Turning the tide

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Camber beach - littered with the detritus of thousands of picnics, but how much has been swept into the sea?

In his Opinion article last week on marine ecosystems, Dominic Manning placed the primary blame for depletion of fish stocks on overfishing for many years and warned that without some sort of conservation there would come a day when they might simply be no fish left to catch. He is probably right and it may well be, as he suggests, that one of the ways to tackle the problem is through quotas and Marine Conservation Zones.
This is a matter for governments and the fishing industry to decide, but there is also something that the general public – you and I – can do to help make a difference.
For some time now, Rye News has published occasional articles on the problems caused by plastic. Some have been by this writer in the Opinion columns, and elsewhere in the paper by Heidi Foster and others on regular beach-clean operations on both the Rother banks and local beaches. Since then, the subject has gone from a rare paragraph on the inside pages of national newspapers to front page campaigns, television  and even promised action by the EU (who have recently announced that they are going to ban plastic drinking straws – well it’s a start).
But do we have to wait for governments to take action? The answer, of course, is no, we don’t.

Nurdles (pieces of micro plastic), fish should not have to eat

All of us handle disposable plastics almost every day of the week – drinks bottles, food packaging, wrapping paper, carrier bags, take-away coffee mugs, plastic food containers still used by some fast-food outlets, picnic knives, forks, spoons, plates and the list goes on. All of these are easily disposable responsibly and in a way that enables them them be recycled and it is sad that so much is simply discarded without any real thought of the consequences. Some 10 million tons of it a year end up in the sea.
Most of us will probably have heard of the Great Pacific Garbage Patch, currently spread over an area roughly twice the size of France and increasing daily and there are similar marine refuse dumps developing elsewhere. It’s estimated by the UN food and Agriculture Organisation that there will be more waste plastic in the sea than fish by the year 2050. Plastic often attracts toxic pollutants that are then ingested and spread by marine life.
And this matters because plastic, unlike organic materials, doesn’t degrade except over many, possibly hundreds, of years. It is mistaken for food by many marine creatures and remains in their digestive systems resulting in death by starvation. Although not degrading, it can break up into micro particles, again ingested by fish and other creatures and, when the fish are eaten by humans, the effects and toxins of those same micro particles are transferred to us. This is not a good thing. Not only are we risking that part of our fish stocks that have not already been over-fished, but with plastic often containing toxic pollutants, as these move up the food chain we are putting human health in danger, too.
All this from one small area of Rother river bank

Commenting recently in The Guardian on a plan to clean up the Pacific Garbage Patch, Dr Clare Steele, a California-based marine ecologist, said that while removing larger items, such as ghost fishing nets, would help wildlife, the clean-up would not deal with the colossal amount of microplastic.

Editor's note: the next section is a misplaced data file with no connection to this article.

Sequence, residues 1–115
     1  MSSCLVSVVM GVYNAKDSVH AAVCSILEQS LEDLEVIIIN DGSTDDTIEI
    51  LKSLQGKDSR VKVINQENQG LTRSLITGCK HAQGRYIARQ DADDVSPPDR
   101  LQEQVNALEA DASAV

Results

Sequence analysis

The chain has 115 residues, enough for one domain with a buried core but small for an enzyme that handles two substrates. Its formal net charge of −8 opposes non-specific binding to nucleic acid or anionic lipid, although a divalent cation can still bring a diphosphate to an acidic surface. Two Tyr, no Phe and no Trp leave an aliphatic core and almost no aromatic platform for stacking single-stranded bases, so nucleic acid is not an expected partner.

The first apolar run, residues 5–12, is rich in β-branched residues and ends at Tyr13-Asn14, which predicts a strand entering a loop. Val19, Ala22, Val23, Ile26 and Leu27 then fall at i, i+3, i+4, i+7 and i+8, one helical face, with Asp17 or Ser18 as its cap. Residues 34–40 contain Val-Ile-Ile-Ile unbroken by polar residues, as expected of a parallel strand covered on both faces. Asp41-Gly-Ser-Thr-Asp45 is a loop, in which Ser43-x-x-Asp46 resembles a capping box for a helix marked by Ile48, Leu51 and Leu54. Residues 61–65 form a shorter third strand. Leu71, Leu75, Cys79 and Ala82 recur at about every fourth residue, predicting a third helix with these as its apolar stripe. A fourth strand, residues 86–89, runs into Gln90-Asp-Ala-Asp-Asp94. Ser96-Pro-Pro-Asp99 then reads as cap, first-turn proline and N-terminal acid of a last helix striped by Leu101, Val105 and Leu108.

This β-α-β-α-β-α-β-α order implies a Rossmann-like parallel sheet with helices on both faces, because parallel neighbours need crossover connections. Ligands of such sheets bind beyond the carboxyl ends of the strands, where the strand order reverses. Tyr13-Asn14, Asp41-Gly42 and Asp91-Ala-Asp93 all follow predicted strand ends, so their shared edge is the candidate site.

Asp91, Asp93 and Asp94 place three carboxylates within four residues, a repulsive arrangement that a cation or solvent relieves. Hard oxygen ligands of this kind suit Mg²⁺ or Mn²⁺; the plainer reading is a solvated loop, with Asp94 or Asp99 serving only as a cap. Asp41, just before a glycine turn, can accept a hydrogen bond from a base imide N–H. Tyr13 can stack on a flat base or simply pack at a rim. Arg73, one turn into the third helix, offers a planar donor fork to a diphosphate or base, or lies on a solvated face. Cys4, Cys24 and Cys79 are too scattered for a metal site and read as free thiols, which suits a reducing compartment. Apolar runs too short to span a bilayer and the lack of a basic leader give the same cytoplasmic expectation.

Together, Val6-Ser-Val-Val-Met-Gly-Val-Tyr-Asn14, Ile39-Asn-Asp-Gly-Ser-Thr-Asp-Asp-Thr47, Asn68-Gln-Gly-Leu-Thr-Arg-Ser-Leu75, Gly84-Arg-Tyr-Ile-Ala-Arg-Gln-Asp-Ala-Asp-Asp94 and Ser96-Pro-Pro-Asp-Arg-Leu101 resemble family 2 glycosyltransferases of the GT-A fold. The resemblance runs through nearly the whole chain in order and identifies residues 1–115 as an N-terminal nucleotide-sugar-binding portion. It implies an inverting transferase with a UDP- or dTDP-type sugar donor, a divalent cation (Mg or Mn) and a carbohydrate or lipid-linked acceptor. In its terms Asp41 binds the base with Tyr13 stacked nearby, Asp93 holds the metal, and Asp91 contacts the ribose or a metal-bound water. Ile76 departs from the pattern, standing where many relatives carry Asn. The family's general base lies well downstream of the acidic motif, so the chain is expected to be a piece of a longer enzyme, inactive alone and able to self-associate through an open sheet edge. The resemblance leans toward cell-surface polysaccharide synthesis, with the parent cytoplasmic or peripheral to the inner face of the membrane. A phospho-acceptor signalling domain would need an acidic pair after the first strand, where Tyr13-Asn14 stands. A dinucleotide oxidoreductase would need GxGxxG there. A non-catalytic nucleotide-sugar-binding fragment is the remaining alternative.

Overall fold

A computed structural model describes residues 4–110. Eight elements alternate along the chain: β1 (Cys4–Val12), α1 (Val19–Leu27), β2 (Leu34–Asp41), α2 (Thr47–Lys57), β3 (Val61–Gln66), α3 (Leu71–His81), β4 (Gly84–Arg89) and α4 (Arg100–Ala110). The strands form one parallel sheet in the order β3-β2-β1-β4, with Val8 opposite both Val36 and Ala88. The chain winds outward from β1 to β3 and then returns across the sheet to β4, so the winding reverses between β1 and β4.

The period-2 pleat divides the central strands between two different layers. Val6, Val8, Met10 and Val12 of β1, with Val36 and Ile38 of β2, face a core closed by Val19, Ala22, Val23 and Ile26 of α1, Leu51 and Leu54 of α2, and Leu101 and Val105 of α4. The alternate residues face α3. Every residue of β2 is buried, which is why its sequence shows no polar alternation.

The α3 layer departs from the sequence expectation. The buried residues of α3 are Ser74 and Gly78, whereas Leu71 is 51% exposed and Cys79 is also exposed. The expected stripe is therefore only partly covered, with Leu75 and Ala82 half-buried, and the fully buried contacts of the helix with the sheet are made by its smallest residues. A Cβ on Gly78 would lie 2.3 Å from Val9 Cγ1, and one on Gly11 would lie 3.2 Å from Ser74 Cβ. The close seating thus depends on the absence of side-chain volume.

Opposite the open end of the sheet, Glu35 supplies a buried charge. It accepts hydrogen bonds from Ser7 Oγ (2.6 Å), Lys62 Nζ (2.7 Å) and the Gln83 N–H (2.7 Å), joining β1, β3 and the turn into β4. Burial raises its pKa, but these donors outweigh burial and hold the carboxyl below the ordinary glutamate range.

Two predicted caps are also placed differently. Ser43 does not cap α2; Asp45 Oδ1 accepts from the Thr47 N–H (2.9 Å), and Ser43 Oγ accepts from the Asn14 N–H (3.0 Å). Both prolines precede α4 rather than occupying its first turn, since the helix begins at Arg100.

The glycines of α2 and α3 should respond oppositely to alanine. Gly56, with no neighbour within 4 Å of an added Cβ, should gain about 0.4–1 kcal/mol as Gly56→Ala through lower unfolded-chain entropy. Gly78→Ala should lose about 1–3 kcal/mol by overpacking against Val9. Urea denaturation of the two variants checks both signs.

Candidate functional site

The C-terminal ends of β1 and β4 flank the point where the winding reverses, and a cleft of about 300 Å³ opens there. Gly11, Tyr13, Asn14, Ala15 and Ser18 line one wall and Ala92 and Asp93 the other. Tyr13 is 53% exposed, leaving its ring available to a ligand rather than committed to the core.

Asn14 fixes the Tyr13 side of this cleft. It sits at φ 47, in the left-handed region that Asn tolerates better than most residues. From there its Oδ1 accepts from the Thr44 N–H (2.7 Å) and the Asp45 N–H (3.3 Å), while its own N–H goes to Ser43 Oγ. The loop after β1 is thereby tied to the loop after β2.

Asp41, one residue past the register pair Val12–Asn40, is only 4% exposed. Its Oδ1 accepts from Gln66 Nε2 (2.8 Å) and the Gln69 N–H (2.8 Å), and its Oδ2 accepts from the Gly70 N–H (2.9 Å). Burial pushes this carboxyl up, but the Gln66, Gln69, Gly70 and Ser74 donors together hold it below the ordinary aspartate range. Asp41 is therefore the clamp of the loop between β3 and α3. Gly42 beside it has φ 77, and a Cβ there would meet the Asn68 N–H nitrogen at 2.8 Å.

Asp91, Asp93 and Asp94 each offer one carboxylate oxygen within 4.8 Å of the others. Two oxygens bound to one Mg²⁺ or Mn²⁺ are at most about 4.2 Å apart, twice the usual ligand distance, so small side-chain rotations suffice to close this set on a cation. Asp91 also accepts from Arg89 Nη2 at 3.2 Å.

“Those plankton-sized pieces of plastic are pretty difficult to clean up,” she said. “The only way is to address the source and that will require a radical shift on how we use materials, particularly single-use plastic such as cutlery, straws and bottles that are so durable.
“We need to reduce waste and come up with new, biodegradable alternatives to plastic. But one of the easiest steps is changing the way we use and discard the more ephemeral plastic products.”
And that brings us back from the Pacific (and other areas where these garbage ‘islands’ are growing), to Rye and Camber and the River Rother. Yes, we can do regular clean-ups of river banks and beaches. But, better than that, we can simply reduce our use of plastic and get into the habit of disposing of it responsibly and correctly.
But do we really need so much in the first place? In our local supermarket, for example, one can buy, say, broccoli wrapped in clingfilm, while on the shelf below there is identical broccoli with no wrapping at all and the same applies to other food and non-food items in this and other shops. Surely this is madness? Today we habitually use plastic carrier bags to take home our shopping. Yes there is a small charge – but so small one does not notice it when added to the average shopping bill. Years ago it would have been a brown paper carrier. It’s equally efficient (unless allowed to get wet) and it will degrade and disperse naturally and quickly in water, doing no harm to marine life.
This would be just the start. Plastic, seen as such a wonderful invention when first produced, and a friend to industry and the public alike, has now become our potential enemy. This can be changed. But it is no good relying on governments, of whatever colour, or institutions, it is us, the men and women on the Clapham omnibus – as a lawyer in a famous court case once described the public – who can bring about the change. All we need is the will and this tide of plastic can be turned.

Photos: Carol Macdonald and Rye News library

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